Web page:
Sorting elk hooves

Hunters help WDFW collect data on elk hoof disease

The life of a WDFW scientist isn’t always glamorous. Some days you spend hours washing elk hooves with a garden hose. That’s what WDFW veterinarian Dr. Kristin Mansfield did for one day this fall — cleaning hundreds of hooves so she and researchers from Washington State University (WSU) and the United States Department of Agriculture (USDA) can learn more about treponeme-associated hoof disease, better known as TAHD or elk hoof disease.

The disease afflicts elk in Washington, Oregon and Idaho, and scientists consider a group of bacteria known as treponemes to have a causal role in the disease, similar to a hoof disease of domestic livestock known as digital dermatitis.

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WDFW staff wash these elk hooves, then examine them to detect TAHD.

“But there are a lot of unknowns,” said WDFW veterinarian Mansfield. “There are other bacteria and factors playing a role in the development and transmission of this disease that we don’t understand.”

Documenting TAHD’s distribution and prevalence is a fundamental component of managing and researching the disease.

“We’ve used large scale citizen science efforts, aerial surveys, and hunter reporting to estimate prevalence, and they all give us consistent results,” said Kyle Garrison, WDFW statewide elk specialist. “Hunter reporting, however, is much cheaper and efficient than helicopter flights or managing dozens of volunteers across massive landscapes.”

Infection starts with a small lesion on the foot that grows into the hoof over time. As it worsens, the hoof capsule becomes undermined and can grow unusually long or at odd angles and the underlying tissues form cavities. In later stages the hoof capsules can slough off. The disease is restricted to hooves only, and usually the hoof on just one leg; almost always a hind leg.

In its later stages, TAHD is very recognizable by the deformed, overgrown, broken or sloughed hooves and the limping it causes. But before the disease advances to that stage, it can be difficult to spot.

“To feel comfortable using hunter reporting as an index of prevalence, we need to have a decent idea as to how well hunters can identify the disease,” said Garrison.

For the past several years, WDFW has asked hunters in southwest Washington, where elk hoof disease is most prevalent, to submit the hooves from elk they harvest. Hunters with elk tags in that area are sent a letter requesting the hooves, bags to put them in, and a questionnaire about the hooves of the elk they harvest. Once a year, a team of scientists spends days processing hundreds of hooves to collect data on TAHD, including how well hunters are able to identify the disease.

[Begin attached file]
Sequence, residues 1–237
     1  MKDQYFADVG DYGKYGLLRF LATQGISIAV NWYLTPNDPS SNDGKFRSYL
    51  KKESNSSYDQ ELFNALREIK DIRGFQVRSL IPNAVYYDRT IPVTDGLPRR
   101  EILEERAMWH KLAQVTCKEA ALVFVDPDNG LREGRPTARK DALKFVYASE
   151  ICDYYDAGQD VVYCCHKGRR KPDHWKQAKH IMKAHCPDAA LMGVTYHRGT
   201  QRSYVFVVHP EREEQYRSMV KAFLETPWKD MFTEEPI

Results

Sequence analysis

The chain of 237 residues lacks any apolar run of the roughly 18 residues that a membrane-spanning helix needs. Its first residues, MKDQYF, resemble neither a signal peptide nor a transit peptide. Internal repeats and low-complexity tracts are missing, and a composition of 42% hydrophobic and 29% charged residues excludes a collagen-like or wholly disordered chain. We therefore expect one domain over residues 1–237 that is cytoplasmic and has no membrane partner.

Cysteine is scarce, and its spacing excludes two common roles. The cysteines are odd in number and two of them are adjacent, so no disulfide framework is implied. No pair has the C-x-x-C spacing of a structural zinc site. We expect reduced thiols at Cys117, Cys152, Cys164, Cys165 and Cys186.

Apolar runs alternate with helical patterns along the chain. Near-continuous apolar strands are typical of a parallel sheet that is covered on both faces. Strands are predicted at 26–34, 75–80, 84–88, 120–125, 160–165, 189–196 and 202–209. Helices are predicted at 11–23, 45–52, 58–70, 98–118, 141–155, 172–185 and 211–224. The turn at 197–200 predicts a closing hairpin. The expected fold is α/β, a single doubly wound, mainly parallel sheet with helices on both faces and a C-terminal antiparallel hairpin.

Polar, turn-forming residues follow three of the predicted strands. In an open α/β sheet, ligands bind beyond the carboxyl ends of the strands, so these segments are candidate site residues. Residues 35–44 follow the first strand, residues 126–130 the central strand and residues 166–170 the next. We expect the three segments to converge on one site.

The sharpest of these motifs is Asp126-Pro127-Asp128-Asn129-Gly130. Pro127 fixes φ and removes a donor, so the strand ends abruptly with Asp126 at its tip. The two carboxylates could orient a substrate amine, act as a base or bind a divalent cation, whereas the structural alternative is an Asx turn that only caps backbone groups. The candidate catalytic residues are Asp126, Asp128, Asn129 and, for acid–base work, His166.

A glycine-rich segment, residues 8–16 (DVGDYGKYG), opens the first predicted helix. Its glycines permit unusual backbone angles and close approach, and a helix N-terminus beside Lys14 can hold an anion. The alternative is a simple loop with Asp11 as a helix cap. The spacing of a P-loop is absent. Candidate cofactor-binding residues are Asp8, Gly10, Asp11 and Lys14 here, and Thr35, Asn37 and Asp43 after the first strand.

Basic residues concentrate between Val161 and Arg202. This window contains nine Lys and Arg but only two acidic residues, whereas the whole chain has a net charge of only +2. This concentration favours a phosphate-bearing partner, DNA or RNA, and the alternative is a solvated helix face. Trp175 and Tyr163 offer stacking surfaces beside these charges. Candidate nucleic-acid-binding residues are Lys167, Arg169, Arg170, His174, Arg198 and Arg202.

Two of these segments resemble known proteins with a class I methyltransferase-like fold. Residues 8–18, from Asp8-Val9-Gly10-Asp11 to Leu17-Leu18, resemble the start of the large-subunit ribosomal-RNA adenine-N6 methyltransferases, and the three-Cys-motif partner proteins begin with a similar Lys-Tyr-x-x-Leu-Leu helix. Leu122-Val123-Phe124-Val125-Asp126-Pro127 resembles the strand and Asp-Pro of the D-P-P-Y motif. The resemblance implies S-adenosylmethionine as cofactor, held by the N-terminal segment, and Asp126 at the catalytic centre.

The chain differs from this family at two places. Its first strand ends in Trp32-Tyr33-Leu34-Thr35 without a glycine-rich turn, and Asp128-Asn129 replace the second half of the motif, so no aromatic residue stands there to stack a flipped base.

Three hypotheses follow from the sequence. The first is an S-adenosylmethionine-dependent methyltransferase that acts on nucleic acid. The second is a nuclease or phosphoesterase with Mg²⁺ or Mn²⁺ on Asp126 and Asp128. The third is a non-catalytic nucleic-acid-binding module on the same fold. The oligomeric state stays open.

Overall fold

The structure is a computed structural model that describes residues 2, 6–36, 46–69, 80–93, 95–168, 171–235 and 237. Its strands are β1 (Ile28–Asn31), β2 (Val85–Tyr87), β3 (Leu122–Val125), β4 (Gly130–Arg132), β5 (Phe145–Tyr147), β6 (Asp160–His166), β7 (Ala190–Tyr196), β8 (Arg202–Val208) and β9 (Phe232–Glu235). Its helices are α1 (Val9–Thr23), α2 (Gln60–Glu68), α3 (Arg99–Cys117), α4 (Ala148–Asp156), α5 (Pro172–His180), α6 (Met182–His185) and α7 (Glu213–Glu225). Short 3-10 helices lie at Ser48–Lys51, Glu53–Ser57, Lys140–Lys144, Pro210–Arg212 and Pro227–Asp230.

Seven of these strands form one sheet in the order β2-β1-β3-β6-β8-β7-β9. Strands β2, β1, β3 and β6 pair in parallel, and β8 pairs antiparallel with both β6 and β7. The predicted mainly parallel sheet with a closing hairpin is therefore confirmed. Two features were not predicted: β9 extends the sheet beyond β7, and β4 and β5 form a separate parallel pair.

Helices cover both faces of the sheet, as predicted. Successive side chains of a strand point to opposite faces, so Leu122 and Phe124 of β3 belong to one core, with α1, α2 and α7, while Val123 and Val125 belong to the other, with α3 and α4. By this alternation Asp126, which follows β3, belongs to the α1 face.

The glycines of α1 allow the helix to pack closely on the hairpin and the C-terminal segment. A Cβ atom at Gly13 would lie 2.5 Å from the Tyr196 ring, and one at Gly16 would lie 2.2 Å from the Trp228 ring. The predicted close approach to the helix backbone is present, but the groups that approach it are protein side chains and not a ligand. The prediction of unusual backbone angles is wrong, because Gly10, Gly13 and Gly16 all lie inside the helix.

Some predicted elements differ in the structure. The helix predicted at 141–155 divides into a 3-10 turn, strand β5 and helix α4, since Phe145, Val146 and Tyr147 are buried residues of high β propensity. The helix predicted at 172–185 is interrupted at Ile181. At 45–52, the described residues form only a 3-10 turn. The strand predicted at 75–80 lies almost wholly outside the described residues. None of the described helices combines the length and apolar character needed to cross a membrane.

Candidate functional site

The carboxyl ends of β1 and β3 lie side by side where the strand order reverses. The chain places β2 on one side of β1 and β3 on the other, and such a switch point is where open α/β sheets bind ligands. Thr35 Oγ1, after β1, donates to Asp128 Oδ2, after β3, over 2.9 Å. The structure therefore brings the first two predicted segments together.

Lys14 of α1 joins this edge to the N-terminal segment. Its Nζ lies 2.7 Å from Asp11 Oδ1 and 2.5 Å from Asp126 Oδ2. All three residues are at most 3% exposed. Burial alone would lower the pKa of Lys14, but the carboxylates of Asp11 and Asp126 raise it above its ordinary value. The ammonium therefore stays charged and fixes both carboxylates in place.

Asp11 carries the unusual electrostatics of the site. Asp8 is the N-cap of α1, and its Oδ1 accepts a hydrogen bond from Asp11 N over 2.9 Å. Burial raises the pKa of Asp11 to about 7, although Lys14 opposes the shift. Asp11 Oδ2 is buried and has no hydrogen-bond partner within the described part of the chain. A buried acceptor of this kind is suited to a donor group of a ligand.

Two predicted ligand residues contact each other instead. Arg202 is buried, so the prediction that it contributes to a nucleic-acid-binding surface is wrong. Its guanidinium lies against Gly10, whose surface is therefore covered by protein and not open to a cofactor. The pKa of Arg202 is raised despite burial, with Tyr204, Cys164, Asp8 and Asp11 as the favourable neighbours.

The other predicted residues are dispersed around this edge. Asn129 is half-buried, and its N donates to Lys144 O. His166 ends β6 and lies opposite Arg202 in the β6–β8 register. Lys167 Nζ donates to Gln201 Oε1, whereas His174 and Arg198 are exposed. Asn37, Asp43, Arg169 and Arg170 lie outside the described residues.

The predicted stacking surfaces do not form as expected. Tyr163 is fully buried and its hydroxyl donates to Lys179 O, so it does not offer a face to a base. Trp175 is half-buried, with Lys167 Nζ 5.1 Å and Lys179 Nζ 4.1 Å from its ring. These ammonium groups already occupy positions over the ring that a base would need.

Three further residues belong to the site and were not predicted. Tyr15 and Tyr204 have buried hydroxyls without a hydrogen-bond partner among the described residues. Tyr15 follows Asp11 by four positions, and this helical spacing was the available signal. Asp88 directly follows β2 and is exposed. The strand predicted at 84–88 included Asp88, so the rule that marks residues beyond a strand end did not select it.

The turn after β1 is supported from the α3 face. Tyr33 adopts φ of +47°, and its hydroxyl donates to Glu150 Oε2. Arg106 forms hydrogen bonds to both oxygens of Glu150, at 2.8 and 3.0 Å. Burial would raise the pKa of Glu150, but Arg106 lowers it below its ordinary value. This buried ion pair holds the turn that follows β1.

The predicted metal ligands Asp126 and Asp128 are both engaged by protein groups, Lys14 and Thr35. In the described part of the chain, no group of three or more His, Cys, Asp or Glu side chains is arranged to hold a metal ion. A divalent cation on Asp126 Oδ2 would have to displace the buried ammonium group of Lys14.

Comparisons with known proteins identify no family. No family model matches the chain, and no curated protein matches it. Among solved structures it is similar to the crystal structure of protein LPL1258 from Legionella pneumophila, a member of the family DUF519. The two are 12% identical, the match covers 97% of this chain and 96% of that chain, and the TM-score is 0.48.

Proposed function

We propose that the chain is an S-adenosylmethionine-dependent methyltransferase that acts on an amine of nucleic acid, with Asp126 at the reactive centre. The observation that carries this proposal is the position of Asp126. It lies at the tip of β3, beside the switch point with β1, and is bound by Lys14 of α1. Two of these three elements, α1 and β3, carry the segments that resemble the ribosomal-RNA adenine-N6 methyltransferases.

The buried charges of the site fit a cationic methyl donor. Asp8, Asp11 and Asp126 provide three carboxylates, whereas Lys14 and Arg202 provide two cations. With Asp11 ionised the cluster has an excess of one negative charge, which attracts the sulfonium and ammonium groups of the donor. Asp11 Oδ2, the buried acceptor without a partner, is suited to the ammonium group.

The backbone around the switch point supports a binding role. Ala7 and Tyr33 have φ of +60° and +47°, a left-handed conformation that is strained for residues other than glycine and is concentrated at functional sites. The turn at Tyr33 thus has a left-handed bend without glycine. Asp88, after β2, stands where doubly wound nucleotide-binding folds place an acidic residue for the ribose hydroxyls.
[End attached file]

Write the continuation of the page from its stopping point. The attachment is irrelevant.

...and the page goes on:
Fifteen hundred hoof collection kits were provided to hunters between 2016 and 2018, resulting in hundreds of hooves being turned in per year. From those submitted between 2016 and 2018, WDFW collected 180 complete hoof samples to both study and help determine how well Washington’s hunters recognize the signs of TAHD.

Of those 180 samples:

  • 91 were not infected with TAHD, while 89 were infected.
  • Hunters correctly assessed infected hooves as displaying signs of TAHD in 60% of all samples, and incorrectly for 40% of all samples.
  • Hunters correctly assessed early-stage infections in 11% of samples, for a corresponding early-stage false negative rate of 89%.
  • Not surprising, hunters correctly assessed late-stage infections in 92% of samples, for a corresponding late-stage false negative rate of 8%.
  • Hunters incorrectly assessed hooves as displaying signs of TAHD in only 4% of samples (i.e., false-positive rate).
  • False negative and false positive rates by year and by year-stage are generally consistent.

It may seem that because hunters have a hard time identifying early stages of the disease WDFW can’t rely on hunter evaluations, but Garrison says that’s not true.

“It’s not really about being right or wrong, even biologists and veterinarians struggle to identify early stages of the disease. What is important is that we can quantify error rates,” he said. “Given the relatively large sample size and consistency in results, we’re comfortable using them to inform prevalence estimates, providing outreach to stakeholders, and informing future efforts involving hunters and TAHD.”

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Another advantage of collecting and analyzing hooves, Garrison says, is that it provides a great opportunity for biologists at WSU and USDA to collect samples to use in other research on the disease. We expect this work to lead to a better understanding of TAHD and its transmission.

You can find more information on treponeme-associated hoof disease, and report limping elk or animals with deformities on the WDFW website.

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The Washington Department of Fish and Wildlife is dedicated to preserving, protecting and perpetuating the state’s fish and wildlife resources.

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